Superintendent Dorsey Hopson earmarked $2 million to hire 30 school resource officers in addition to the 98 already in some of its 150-plus schools. The school board is scheduled to vote on the budget Tuesday.

But an increase in law enforcement officers could have unintended consequences.

A new state law that bans local governments from refusing to cooperate with federal immigration officials could put school resource officers in an awkward position.

Tennessee Education Commissioner Candice McQueen recently reminded school personnel they are not obligated to release student information regarding immigration status. School resource officers employed by police or sheriff’s departments, however, do not answer to school districts. Shelby County Schools is still reviewing the law, but school board members have previously gone on the record emphasizing their commitment to protecting undocumented students.

“Right now we are just trying to get a better understanding of the law and the impact that it may have,” said Natalia Powers, a district spokeswoman.

Also, incidents of excessive force and racial bias toward black students have cropped up in recent years. Two white Memphis officers were fired in 2013 after hitting a black student and wrestling her to the ground because she was “yelling and cussing” on school grounds. And mothers of four elementary school students recently filed a lawsuit against a Murfreesboro officer who arrested them at school in 2016 for failing to break up a fight that occurred off-campus.

Just how common those incidents are in Memphis is unclear. In response to Chalkbeat’s query for the number and type of complaints in the last two school years, Shelby County Schools said it “does not have any documents responsive to this request.”

Currently, 38 school resource officers are sheriff’s deputies, and the rest are security officers hired by Shelby County Schools. The officers respond and work to prevent criminal activity in all high schools and middle schools, Hopson said. The 30 additional officers would augment staffing at some schools and for the first time, branch out to some elementary schools. Hopson said those decisions will be based on crime rates in surrounding neighborhoods and school incidents.

Hopson’s initial recommendation for more school resource officers was in response to the school shooting in Parkland, Florida, that killed 17 people and sparked a wave of student activism on school safety, including in Memphis.

Gov. Bill Haslam’s recent $30 million budget boost would allow school districts across Tennessee to hire more law enforcement officers or improve building security. Measures to arm some teachers with guns or outlaw certain types of guns have fallen flat.

For more on the role and history of school resource officers in Tennessee, read our five things to know.

Sheriff’s deputies and district security officers meet weekly, said Capt. Dallas Lavergne of the Shelby County Sheriff’s Office. When the Memphis Police Department pulled their officers out of school buildings following the merger of city and county school systems, the county Sheriff’s Office replaced them with deputies.

All deputy recruits go through school resource officer training, and those who are assigned to schools get additional annual training. In a 2013 review of police academies across the nation, Tennessee was cited as the only state that had specific training for officers deployed to schools.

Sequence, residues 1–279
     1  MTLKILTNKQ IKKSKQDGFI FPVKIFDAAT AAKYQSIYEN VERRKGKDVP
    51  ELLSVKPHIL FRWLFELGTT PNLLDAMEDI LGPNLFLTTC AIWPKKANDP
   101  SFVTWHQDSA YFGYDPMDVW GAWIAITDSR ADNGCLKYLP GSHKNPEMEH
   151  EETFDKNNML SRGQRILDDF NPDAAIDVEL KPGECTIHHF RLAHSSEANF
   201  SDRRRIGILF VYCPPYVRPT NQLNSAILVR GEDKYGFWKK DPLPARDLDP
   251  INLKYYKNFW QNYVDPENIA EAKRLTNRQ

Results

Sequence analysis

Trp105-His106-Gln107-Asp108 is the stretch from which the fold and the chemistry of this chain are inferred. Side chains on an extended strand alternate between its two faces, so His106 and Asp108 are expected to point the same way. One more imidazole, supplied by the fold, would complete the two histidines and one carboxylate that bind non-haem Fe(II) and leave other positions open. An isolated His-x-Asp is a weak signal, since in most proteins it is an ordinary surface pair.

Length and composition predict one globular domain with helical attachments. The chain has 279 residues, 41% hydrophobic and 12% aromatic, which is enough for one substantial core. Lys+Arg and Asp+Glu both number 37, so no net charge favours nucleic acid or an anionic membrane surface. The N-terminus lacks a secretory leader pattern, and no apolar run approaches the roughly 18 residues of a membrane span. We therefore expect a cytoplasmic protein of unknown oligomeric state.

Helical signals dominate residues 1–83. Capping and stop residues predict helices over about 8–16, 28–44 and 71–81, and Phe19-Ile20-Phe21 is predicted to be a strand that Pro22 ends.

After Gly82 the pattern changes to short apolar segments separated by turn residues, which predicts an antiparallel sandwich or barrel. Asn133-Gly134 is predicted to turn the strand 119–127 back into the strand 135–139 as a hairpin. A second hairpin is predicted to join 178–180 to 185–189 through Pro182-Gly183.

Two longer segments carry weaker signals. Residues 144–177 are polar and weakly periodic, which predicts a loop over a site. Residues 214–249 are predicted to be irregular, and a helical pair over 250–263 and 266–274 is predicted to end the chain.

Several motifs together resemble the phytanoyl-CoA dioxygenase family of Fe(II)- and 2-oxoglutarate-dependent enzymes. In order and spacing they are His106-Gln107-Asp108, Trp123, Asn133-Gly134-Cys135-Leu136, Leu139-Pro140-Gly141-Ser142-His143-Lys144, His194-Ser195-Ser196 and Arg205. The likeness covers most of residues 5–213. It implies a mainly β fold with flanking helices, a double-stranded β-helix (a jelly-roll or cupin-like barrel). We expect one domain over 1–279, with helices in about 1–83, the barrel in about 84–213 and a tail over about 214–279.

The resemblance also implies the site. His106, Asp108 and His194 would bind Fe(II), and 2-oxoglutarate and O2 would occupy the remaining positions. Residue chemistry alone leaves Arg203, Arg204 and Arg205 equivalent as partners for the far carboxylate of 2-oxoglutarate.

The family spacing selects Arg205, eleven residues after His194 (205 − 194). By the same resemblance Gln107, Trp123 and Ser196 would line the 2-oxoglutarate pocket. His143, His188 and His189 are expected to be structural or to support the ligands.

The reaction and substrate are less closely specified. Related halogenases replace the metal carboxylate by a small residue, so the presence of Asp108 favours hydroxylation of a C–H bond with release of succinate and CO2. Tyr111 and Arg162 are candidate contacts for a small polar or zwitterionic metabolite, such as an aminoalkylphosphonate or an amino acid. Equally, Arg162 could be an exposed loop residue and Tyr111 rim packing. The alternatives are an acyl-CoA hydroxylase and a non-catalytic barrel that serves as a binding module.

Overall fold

call out

Our readers had a lot to say in 2017. Make your voice heard in 2018.

PHOTO: Chris Hill/Whitney Achievement School
Teacher Carl Schneider walks children home in 2015 as part of the after-school walking program at Whitney Achievement Elementary School in Memphis. This photograph went viral and inspired a First Person reflection from Schneider in 2017.

Last year, some of our most popular pieces came from readers who told their stories in a series that we call First Person.

For instance, Carl Schneider wrote about the 2015 viral photograph that showed him walking his students home from school in a low-income neighborhood of Memphis. His perspective on what got lost in the shuffle continues to draw thousands of readers.

First Person is also a platform to influence policy. Recent high school graduate Anisah Karim described the pressure she felt to apply to 100 colleges in the quest for millions of dollars in scholarships. Because of her piece, the school board in Memphis is reviewing the so-called “million-dollar scholar” culture at some high schools.

Do you have a story to tell or a point to make? In 2018, we want to give an even greater voice to students, parents, teachers, administrators, advocates and others who are trying to improve public education in Tennessee. We’re looking for essays of 500 to 750 words grounded in personal experience.

Whether your piece is finished or you just have an idea to discuss, drop a line to Community Editor Caroline Bauman at

But first, check out these top First Person pieces from Tennesseans in 2017:

My high school told me to apply to 100 colleges — and I almost lost myself in the process

“A counselor never tried to determine what the absolute best school for me would be. I wasted a lot of time, money and resources trying to figure that out. And I almost lost myself in the process.” —Anisah Karim     

Why I’m not anxious about where my kids go to school — but do worry about the segregation that surrounds us

“In fact, it will be a good thing for my boys to learn alongside children who are different from them in many ways — that is one advantage they will have that I did not, attending parochial schools in a lily-white suburb.” —Mary Jo Cramb

I covered Tennessee’s ed beat for Chalkbeat. Here’s what I learned.

“Apathy is often cited as a major problem facing education. That’s not the case in Tennessee.” —Grace Tatter

I went viral for walking my students home from school in Memphis. Here’s what got lost in the shuffle.

“When #blacklivesmatter is a controversial statement; when our black male students have a one in three chance of facing jail time; when kids in Memphis raised in the bottom fifth of the socioeconomic bracket have a 2.6 percent chance of climbing to the top fifth — our walking students home does not fix that, either.” —Carl Schneider

I think traditional public schools are the backbone of democracy. My child attends a charter school. Let’s talk.

“It was a complicated choice to make. The dialogue around school choice in Nashville, though, doesn’t often include much nuance — or many voices of parents like me.” —Aidan Hoyal

I grew up near Charlottesville and got a misleading education about Civil War history. Students deserve better.

“In my classroom discussions, the impetus for the Civil War was resigned to a debate over the balance of power between federal and state governments. Slavery was taught as a footnote to the cause of the war.” —Laura Faith Kebede